According to the decision, Thomes submitted a form known as a Uniform Application for Broker-Dealer Registration, commonly called a Form BD, that did not match the information in the firm's FINRA membership agreement as required.

Merrimac and FINRA went through several rounds of communications, and several amended Forms BD, trying to resolve the issue, but Merrimac never stopped selling the products, the decision explained.

Matthews testified before the hearing panel that he believed Merrimac was authorized to sell the products, even though they were not listed in the firm's membership agreement, the decision said. Specifically, he said he believed that the authorizations for other kinds of business encompassed private placements, but the hearing panel said it did not find Matthews credible.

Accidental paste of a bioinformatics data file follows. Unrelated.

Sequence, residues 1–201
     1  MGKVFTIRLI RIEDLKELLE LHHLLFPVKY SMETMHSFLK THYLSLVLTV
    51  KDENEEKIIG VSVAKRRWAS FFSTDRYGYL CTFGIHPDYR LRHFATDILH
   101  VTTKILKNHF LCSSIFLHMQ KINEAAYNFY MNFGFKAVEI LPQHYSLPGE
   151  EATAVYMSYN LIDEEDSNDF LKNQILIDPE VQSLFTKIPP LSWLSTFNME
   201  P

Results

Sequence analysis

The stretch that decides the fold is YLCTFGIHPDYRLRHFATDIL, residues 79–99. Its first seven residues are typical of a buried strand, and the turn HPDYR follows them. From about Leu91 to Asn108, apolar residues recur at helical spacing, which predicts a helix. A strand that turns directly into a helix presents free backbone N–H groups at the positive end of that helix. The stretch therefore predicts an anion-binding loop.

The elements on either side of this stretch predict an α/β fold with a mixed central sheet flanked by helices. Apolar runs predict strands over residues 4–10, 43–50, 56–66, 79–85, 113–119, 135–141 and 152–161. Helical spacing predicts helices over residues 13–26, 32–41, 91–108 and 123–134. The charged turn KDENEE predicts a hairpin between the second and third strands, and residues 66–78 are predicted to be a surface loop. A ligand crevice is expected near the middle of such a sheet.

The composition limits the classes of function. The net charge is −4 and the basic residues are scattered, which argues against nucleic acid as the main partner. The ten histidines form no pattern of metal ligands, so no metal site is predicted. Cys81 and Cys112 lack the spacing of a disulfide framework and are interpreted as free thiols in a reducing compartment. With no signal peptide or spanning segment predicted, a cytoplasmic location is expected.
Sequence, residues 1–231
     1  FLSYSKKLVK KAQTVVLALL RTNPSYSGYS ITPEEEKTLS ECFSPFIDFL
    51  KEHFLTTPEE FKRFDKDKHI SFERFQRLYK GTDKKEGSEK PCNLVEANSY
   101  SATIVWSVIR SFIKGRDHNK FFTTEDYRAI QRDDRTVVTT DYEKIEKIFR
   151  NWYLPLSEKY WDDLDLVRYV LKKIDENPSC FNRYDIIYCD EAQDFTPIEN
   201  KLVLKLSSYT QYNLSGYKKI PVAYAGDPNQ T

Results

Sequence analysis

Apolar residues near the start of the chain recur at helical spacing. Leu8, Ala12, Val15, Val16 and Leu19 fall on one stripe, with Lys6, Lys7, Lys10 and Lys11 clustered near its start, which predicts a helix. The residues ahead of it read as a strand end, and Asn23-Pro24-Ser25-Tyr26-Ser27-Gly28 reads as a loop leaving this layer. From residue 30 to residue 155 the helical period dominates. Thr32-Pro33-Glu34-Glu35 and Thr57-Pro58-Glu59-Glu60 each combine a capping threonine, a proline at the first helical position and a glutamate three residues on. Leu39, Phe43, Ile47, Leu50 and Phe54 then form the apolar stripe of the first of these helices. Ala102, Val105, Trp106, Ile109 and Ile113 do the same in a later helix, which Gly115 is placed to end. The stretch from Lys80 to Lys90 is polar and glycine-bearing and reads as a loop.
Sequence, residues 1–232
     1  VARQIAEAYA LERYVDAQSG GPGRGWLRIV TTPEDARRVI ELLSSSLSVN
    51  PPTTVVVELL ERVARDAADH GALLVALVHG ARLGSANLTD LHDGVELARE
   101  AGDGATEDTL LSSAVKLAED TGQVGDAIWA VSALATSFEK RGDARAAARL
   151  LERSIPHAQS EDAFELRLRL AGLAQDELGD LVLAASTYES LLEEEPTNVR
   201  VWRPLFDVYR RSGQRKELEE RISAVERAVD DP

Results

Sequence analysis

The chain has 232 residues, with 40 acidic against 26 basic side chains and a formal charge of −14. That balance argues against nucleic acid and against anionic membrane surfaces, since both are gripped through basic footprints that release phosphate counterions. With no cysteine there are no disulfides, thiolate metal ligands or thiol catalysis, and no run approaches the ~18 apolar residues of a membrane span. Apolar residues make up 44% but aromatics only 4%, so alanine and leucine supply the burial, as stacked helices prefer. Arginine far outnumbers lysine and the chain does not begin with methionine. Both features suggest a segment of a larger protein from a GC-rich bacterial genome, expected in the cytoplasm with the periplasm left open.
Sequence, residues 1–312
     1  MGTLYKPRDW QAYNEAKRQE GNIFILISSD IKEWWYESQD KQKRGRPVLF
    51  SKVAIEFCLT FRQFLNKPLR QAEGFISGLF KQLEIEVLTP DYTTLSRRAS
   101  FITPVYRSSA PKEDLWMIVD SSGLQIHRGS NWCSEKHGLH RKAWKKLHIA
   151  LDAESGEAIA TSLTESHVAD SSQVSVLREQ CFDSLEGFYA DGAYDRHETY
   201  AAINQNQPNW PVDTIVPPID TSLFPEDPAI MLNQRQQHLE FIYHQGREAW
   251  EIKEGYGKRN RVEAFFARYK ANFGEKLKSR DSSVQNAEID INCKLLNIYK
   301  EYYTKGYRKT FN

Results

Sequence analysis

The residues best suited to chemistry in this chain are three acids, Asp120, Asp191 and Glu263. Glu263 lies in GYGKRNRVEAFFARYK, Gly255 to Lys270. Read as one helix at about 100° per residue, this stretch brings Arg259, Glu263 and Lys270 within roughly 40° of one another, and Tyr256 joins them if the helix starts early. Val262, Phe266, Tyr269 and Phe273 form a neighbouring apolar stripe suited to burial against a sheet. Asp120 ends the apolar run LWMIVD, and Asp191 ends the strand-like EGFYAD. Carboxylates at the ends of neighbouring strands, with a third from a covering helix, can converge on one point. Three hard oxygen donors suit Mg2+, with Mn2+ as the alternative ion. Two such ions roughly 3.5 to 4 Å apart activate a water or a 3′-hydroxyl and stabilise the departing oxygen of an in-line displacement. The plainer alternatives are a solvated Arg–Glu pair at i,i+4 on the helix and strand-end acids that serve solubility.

On appeal, the Board of Governors said it could ascertain no reason to disturb the hearing panel's finding on credibility. The Board instead agreed that Matthews most likely just assumed Merrimac was authorized to sell the products and that he did not read the membership agreement before he signed it.

Thomes testified, not that he thought the firm was authorized, but that he did not think Merrimac was selling private placements or LPs, and thus was not in violation of its membership agreement.

Both men were negligent. They failed to discharge their duties as principals of Merrimac when they failed to read -- or failed to comprehend -- the membership agreement, the decision said.

The unauthorized sale of private placements, REITs, LPs and direct participation programs constituted a large part of Merrimac's business from 2004 until October 2007. Merrimac sold about $25 million in total of these products and received about $1.7 million in commissions from these sales.

Moreover, the unauthorized sales continued for a few years after an examiner from FINRA alerted Merrimac about the discrepancy between the firm's membership agreement and Form BD, the decision said.